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One of the perks of the job is the opportunity to experience real work. This is a field under Pasali farmer trainer supervision. The owners allotted three small fields for System of Rice Intensification (SRI) method.  The rest of their fields are hybrid mixes done the green revolution way. SRI is in many ways the complete opposite of that method.

MAIN SRI TENETS

1. One seedling in a whole

SRI says you plant your ONE seedling per hole. Farmers usually put several seedlings in one whole. Once you see how tiny that seedling is – looks like a single stalk of chives – you will really wonder if that tinie thing will grow into 100 – 200 tillers (stalks) of rice.  And yet, trust in your babies is something  you really must do.

2. Plant one seedling per space of 25×25

The distance between seedlings should be 25×25 centimeters. The more space inbetween, the larger the plant can become, and produces more tillers. In Cambodia, where thousands of farmers have already converted to SRI, the spacing is meticulously kept, but filipino farmers have a hard time following this rule. The inorganic pesticide way dictates that you put several seeds in one hole in rows close to another. In this particular field, spaces were  sometimes as small as 10×10.

The difference in produce varies per field, but an SRI seedling – if cared for as the meticulous Cambodians do – can produce up to 200 tillers, while the current method produces 40. Harvest output now are about the same, but 1) SRI production costs are significantly less, and 2) adjusting with each cropping the spacing, water, nutrients and weeding brought higher yields in other rice farming nations, so why not here as well? But if farmers don’t keep the distance, they will end up producing less. “But they should try first as wide space as possible, then after the first cropping, if they discover that the plants have reached their full number of tillers and there is still space inbetween, farmers are free to make the space smaller the next cropping,” says farmer technician Mcdonnell Ty.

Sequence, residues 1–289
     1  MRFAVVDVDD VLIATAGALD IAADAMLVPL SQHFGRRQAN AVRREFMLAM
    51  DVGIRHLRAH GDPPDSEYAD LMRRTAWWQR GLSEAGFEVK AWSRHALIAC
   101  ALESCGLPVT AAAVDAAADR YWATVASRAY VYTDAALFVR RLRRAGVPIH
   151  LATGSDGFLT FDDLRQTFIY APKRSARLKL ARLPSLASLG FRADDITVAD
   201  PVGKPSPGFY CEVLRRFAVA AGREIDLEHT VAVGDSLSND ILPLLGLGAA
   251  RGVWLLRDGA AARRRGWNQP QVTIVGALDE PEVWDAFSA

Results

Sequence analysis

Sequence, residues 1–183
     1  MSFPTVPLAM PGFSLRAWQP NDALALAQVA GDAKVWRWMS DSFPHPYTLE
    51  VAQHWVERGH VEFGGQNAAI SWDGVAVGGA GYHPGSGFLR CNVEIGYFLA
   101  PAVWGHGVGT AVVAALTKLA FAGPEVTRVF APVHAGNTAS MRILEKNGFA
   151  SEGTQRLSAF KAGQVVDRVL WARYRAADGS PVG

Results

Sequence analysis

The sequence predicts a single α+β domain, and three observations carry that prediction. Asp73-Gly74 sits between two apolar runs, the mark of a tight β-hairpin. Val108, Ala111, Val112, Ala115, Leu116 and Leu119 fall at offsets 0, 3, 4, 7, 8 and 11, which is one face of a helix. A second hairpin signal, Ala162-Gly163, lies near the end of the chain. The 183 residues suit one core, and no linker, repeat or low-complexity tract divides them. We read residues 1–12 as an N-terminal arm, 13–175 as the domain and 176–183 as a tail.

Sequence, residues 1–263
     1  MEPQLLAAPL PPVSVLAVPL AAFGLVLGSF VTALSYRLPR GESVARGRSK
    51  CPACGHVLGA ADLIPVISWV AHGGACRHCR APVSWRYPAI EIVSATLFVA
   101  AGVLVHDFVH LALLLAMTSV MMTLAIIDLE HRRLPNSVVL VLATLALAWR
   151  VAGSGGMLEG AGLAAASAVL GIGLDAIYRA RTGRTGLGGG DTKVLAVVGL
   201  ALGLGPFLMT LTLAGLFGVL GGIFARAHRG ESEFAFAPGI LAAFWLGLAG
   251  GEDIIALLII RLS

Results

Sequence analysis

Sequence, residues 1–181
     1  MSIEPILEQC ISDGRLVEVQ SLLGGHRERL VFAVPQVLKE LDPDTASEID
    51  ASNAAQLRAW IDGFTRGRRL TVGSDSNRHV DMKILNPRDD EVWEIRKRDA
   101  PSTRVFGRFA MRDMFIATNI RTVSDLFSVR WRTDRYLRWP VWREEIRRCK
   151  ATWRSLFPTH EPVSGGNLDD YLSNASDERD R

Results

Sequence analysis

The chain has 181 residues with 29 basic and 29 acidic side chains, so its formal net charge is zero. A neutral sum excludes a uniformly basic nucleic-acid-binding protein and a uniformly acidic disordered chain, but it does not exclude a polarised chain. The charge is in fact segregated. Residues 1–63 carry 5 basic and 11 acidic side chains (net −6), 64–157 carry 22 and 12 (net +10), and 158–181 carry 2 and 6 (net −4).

3. Rice is not an aquatic plant

SRI teaches that rice plants are regular plants, not aquatic plants. So you really can’t submerge them under water – they drown. This is a major concern of the farmers who strongly believe the plant’s aquatic nature. They may practice the SRI points, but even Pasali farmer trainers don’t follow this water management rule. This is a major concern of Pasali leaders: if even your own trainers don’t trust the less water rule. The consequence is drastic though: if plants are drowned then the number of tillers it should produce as SRI indicates, will be significantly less.

Project manager Nonoy Ty laments this fact: “Of the 33 farmers currently practicing SRI, only a handful really follow this water rule. Now its about the number of tillers vary from 70 to 120, but if the water rule is implemented this could reach up to 200.”

By May we will see if the owners of this field dare to NOT flood their fields.

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